So, I look to your posts as an opportunity to be a fly on the wall while you live your transcendental life. I look forward to being served a fresh bit of art, still or moving, or reflective thought, or vividly lived every day experience. It's always tasty and nourishing to me.

Regarding the latest offerings, the minimovies, I am greatly enjoying these productions. Sound is coming through as an integral element--the sound happening as you are filming. It has been a very long time since I've heard that really cold crunch of Minnesota snow. I suddenly missed it, though I assure you not enough to live there again.

Thanks for doing what you do, for being you.

Dania said...

I used to do a lot of architectural photography, which I would always end up eventually on my stomach or back to get the right shot. I started taking a friend with me when I knew I'd be doing this, both to shoo people away and to make sure I didn't get run over or stepped on.

I find people never look at buildings or objects until they see someone photographing them. Doesn't matter where it is.

femminismo said...

Loved the film. Real "wet belly" photography. And you said my two favorite words: "Colin Firth" (thanks)

momo said...

I have been loving these films for themselves and for the stories. I have been that third person, asking someone on the ground if he/she were OK.

About the movie: it hit me really hard.

Margaret said...

I think this is my favorite one so far. I love it when different layers of reality of captured together.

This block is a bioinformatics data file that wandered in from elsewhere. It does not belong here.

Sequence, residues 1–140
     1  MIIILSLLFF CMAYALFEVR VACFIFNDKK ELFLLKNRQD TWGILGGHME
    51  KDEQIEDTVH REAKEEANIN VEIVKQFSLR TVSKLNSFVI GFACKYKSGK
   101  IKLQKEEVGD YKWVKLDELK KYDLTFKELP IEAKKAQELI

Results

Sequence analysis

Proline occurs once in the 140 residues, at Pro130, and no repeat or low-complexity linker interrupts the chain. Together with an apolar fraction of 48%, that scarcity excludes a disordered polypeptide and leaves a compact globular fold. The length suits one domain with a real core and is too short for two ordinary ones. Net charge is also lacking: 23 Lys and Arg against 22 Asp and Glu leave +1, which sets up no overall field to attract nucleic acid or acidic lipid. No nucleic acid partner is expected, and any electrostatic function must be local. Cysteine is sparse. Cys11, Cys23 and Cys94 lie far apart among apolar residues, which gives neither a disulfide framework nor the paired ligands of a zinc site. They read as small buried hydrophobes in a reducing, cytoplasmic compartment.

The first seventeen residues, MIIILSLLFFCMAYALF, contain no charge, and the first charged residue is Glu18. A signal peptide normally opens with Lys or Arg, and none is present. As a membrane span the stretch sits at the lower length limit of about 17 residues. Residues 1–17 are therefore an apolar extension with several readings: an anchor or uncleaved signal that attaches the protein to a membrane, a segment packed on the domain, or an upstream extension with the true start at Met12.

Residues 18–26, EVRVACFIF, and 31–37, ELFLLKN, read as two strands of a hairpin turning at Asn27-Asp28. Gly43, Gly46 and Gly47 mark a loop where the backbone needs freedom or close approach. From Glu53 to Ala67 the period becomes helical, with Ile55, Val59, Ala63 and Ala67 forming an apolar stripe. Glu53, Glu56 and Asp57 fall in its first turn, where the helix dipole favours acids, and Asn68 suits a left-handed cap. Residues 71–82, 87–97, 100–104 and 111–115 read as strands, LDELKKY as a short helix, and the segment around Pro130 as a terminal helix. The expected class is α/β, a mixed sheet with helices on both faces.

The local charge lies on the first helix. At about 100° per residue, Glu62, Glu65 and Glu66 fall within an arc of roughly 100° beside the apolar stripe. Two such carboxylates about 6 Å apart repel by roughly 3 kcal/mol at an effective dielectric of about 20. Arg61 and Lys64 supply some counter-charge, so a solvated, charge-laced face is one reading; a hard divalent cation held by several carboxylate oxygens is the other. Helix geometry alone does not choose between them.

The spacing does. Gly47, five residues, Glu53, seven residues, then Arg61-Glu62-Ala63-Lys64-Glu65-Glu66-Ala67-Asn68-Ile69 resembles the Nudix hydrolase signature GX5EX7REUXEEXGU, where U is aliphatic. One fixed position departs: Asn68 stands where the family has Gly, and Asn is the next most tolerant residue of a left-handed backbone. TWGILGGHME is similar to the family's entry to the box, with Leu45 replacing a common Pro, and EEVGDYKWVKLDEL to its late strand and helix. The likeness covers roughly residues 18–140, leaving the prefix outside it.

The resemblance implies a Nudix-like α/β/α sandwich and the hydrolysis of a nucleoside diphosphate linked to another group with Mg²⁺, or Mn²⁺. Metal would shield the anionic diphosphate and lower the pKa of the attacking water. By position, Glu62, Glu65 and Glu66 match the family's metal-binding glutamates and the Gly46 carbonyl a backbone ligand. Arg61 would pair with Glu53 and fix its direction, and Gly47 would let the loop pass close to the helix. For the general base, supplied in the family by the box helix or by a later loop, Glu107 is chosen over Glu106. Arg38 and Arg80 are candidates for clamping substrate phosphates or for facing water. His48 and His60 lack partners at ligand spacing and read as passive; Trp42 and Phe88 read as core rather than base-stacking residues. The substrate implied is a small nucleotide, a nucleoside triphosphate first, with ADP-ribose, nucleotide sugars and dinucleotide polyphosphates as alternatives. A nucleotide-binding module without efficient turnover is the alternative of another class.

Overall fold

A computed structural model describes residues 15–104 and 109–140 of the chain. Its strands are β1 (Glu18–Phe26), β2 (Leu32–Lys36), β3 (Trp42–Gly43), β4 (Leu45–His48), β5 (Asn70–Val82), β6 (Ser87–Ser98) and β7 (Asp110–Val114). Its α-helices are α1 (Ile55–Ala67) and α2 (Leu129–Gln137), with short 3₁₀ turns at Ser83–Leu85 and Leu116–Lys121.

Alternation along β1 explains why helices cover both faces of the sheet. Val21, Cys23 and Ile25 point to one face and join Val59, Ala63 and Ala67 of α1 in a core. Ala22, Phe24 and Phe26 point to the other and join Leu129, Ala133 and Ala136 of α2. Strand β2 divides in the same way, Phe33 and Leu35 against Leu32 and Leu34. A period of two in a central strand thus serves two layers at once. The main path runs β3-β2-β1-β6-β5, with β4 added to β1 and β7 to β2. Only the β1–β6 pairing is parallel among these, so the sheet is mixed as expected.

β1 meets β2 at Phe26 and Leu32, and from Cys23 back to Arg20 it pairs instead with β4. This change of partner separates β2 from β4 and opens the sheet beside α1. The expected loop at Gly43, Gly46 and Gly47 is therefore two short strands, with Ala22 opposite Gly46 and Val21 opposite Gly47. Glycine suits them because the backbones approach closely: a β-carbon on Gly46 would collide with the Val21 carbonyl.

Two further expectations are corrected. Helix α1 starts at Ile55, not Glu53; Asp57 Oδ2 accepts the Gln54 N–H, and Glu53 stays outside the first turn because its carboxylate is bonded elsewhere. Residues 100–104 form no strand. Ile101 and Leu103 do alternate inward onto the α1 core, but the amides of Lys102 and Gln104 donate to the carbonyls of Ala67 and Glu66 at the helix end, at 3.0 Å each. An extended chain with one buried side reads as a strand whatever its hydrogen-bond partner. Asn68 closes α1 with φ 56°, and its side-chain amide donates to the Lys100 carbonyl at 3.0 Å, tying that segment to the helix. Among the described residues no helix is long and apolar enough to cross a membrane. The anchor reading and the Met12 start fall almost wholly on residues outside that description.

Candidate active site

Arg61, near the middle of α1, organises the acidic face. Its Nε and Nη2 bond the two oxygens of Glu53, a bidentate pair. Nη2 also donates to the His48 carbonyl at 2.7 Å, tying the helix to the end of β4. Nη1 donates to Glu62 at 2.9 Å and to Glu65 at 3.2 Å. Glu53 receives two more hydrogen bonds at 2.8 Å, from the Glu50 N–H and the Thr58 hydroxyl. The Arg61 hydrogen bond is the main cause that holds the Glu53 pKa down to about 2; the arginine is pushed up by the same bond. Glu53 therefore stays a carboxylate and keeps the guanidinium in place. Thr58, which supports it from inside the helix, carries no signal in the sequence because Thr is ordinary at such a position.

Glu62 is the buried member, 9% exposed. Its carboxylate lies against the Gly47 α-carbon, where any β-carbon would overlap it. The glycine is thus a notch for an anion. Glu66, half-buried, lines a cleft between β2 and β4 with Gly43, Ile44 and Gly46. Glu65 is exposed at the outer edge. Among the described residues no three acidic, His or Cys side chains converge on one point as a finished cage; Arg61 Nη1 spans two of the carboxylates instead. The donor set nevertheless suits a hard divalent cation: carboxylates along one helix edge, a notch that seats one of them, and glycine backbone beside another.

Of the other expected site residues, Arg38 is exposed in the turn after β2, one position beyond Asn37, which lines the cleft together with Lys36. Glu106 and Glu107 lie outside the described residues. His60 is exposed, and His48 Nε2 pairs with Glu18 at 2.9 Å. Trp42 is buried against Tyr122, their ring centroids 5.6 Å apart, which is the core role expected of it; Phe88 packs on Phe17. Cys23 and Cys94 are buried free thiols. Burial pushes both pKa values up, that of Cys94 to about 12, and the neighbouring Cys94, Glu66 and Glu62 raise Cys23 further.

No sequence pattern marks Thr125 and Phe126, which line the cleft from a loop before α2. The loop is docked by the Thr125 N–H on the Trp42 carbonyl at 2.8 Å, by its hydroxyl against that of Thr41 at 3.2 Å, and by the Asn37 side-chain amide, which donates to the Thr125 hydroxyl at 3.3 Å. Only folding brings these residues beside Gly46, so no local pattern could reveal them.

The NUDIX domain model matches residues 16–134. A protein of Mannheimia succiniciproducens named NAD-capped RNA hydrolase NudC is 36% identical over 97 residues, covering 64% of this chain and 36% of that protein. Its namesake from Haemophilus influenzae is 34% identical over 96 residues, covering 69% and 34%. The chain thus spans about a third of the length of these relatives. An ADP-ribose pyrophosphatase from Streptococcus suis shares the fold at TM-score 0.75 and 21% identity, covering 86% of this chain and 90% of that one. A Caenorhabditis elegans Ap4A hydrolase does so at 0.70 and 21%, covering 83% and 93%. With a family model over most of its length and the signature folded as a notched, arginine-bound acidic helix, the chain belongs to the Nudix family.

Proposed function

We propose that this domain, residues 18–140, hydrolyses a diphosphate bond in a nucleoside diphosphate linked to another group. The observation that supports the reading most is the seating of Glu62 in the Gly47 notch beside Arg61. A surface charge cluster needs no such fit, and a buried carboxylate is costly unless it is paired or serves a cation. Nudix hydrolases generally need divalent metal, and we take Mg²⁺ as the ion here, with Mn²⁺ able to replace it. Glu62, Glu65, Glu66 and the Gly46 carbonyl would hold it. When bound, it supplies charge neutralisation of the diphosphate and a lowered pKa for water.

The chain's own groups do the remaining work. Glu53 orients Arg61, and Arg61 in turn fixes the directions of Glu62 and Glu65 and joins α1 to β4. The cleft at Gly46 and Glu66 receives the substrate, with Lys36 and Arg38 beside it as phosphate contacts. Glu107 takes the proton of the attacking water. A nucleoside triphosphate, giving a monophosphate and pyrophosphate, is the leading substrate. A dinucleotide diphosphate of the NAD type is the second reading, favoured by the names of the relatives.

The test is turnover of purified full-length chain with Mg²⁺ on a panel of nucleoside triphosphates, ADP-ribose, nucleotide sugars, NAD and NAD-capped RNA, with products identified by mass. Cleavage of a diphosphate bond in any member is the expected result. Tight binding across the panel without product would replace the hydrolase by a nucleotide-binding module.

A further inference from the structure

Fresca said...

CROW: Yes, I like the context of adding the 3rd person too. And it WAS cool--about 20-some degrees.

ARTS: I thought it was sweet of this guy to make sure I was OK and not lying there dying of cold or something.
I wonder what the factors are of when strangers feel comfortable asking an artist what they're doing...

DEANNA: I had hoped the ski trails might be sort of unclear, so I'm glad they looked like clouds to you.
The asburd is a saving grace, I think.

LiLL: Wow. Thanks. I'm humbled. And glad if my posts are enjoyable and nourishing in this way.

DANIA: Ha! Yeah, I'm lucky I didn't get skiied over!

FMSMO: And I'll say it again: Colin Firth! I love him in"Bridget Jones" but it was nice to see him take on something more challenging.

MOMO: I guess I didn't say, but I loved it that this guy asked me if I was OK--such a kind thing to do.

"A Single Man" was hard-hitting, I agree, despite what I thought was some ham-handed directing.

MARGARET: I like mixing up reality too--like MC Escher prints, for instance, where you can't solve the visual paradox.

femminismo said...

I made a film finally, due to your inspiration. The thing (third person) that happened to you happened to me! It was *not* planned.

Fresca said...

FEM: Your movie delighted me so much: the mystical image interrupted by the question, "Do you know where the paper is, honey?"